EU companies that are in the support program will not be able to pay dividends

US, WASHINGTON (ORDO NEWS) — European companies that entered the capital injection program to deal with the consequences of the outbreak of coronavirus will not be able to pay dividends, buy shares or offer bonuses or similar remuneration, reports The Financial Times .

Such restrictions were introduced after the FT announced last week that the European Commission is considering further easing the government aid block rules to help pandemic-affected companies.

Spin-offs are also prohibited from taking “excessive risks” or even engaging in “aggressive commercial expansion,” the document says amending the recent amendment of government aid rules.

Companies will not be able to buy up competitors or other operators in a similar sector, while at the same time paying the state money, is added to the document.

These restrictions are aimed at preventing “unjustified distortions in competition” and reflect similar restrictions imposed on the banking sector at the height of the global financial crisis more than ten years ago.

European enterprises receiving more than 20% of the shares from an EU member state will also be required to develop a clear exit strategy from the support program after the pandemic.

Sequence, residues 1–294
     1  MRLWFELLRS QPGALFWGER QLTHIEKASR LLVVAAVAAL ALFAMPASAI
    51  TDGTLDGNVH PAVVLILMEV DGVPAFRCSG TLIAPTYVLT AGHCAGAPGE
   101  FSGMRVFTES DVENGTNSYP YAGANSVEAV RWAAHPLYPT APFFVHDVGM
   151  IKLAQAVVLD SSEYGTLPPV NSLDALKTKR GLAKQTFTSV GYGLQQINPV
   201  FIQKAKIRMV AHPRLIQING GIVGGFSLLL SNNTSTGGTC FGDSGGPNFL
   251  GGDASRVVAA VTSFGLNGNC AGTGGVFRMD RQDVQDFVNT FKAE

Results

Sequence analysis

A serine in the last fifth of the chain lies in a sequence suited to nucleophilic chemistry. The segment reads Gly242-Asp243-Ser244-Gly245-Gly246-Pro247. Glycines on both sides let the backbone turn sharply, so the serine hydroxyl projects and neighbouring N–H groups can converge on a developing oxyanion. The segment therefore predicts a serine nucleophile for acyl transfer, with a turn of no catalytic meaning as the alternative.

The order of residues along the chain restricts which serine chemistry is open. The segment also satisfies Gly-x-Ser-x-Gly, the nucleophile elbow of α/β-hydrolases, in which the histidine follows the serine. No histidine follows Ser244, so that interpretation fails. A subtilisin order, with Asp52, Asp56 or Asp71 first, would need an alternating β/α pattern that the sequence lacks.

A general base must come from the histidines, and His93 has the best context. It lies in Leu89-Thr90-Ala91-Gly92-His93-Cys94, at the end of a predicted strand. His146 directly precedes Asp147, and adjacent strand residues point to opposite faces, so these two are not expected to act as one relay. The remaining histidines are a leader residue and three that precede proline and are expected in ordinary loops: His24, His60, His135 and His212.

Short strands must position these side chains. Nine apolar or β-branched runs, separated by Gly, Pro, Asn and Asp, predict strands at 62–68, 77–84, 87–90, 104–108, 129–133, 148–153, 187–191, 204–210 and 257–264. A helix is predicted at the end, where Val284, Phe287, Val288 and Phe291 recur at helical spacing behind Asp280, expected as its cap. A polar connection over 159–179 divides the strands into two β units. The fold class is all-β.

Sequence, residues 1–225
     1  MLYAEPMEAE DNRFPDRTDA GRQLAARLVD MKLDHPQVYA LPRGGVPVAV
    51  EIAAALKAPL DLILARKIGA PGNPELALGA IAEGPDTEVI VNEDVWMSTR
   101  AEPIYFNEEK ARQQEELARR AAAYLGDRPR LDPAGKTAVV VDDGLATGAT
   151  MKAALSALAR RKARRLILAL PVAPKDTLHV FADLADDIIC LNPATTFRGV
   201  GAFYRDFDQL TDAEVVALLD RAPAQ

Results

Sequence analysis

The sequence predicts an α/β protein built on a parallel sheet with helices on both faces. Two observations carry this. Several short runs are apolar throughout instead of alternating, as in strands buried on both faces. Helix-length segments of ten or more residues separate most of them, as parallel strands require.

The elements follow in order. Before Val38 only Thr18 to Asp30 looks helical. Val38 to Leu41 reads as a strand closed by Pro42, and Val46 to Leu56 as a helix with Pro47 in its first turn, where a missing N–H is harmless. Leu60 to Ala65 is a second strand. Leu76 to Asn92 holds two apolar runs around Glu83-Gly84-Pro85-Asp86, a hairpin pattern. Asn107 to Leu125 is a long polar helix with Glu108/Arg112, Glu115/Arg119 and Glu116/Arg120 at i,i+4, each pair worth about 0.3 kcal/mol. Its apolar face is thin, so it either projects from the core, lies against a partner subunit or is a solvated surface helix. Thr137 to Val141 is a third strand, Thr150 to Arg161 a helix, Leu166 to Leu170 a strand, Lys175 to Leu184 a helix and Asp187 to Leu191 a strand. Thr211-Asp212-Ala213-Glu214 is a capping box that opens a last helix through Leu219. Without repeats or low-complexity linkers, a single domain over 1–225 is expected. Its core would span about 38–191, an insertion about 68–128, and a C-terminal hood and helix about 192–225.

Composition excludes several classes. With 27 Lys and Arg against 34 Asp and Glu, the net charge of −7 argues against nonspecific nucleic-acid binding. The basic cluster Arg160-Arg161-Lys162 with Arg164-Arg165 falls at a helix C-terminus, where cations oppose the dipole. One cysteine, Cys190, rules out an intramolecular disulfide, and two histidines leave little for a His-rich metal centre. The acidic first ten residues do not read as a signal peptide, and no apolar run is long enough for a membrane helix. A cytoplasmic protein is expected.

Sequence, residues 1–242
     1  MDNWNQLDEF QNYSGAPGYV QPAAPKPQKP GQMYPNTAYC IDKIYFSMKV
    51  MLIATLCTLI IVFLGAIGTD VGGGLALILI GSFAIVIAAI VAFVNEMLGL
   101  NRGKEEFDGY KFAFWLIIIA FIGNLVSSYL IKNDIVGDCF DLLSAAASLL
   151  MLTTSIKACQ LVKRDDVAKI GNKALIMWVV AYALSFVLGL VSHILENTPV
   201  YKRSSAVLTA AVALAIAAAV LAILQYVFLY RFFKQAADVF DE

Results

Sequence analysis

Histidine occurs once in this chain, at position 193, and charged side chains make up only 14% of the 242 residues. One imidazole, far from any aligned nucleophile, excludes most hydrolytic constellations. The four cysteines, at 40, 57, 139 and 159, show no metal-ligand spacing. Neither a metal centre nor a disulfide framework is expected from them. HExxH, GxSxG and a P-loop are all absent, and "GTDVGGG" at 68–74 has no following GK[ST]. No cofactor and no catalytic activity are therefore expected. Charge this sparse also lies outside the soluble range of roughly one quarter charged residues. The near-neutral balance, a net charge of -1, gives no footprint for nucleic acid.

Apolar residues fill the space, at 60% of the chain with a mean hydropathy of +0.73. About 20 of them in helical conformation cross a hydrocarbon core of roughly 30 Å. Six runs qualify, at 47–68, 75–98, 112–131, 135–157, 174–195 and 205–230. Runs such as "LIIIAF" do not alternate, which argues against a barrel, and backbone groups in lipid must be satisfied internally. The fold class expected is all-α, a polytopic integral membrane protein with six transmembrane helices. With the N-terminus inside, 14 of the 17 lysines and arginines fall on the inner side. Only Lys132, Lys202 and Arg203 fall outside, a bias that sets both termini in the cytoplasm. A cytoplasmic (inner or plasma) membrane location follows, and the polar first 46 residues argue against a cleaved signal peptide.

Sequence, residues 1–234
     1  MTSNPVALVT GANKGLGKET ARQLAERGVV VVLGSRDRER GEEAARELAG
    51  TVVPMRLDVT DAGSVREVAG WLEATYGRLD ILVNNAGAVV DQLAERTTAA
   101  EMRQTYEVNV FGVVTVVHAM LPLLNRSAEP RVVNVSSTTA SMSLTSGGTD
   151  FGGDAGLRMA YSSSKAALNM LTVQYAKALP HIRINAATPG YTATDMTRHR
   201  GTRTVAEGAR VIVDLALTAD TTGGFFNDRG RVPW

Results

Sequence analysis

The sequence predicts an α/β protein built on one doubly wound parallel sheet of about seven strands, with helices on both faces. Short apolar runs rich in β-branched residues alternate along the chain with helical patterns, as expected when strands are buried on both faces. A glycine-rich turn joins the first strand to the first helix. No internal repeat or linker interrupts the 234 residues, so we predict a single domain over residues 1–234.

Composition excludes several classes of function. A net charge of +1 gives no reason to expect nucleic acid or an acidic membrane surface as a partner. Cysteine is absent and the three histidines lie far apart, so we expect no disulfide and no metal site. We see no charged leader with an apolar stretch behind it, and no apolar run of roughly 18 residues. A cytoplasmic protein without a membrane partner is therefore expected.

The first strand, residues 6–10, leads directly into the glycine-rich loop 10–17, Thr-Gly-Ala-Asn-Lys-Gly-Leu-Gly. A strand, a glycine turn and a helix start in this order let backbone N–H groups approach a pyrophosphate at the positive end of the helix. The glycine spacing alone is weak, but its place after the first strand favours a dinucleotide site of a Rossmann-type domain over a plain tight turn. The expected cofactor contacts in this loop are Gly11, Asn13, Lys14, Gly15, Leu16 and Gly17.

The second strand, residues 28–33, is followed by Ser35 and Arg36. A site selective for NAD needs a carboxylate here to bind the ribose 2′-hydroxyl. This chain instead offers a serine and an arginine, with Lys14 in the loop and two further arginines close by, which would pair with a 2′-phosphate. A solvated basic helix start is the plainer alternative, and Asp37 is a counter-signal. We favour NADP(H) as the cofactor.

Brussels also sets clear deadlines to give companies an incentive to pay aid. If by December 31, 2024 the state’s share is not reduced to below 15%, companies will be required to submit a commission restructuring plan for approval.

“This is more flexible / soft than the principles of the times of the financial crisis, when it was usually required to present a restructuring plan within 6 months after recapitalization,” said a person familiar with the opinion of the commission.

Contrary to the conditions established during the financial crisis, Brussels also encourages incentives for companies to exit schemes as soon as possible.

He calls on Member States to pay as close as possible to “market conditions” in order to avoid “potential distortion of competition caused by government interference.”

“A member state should create a mechanism to stimulate repurchase by January 1, 2023,” the document says.


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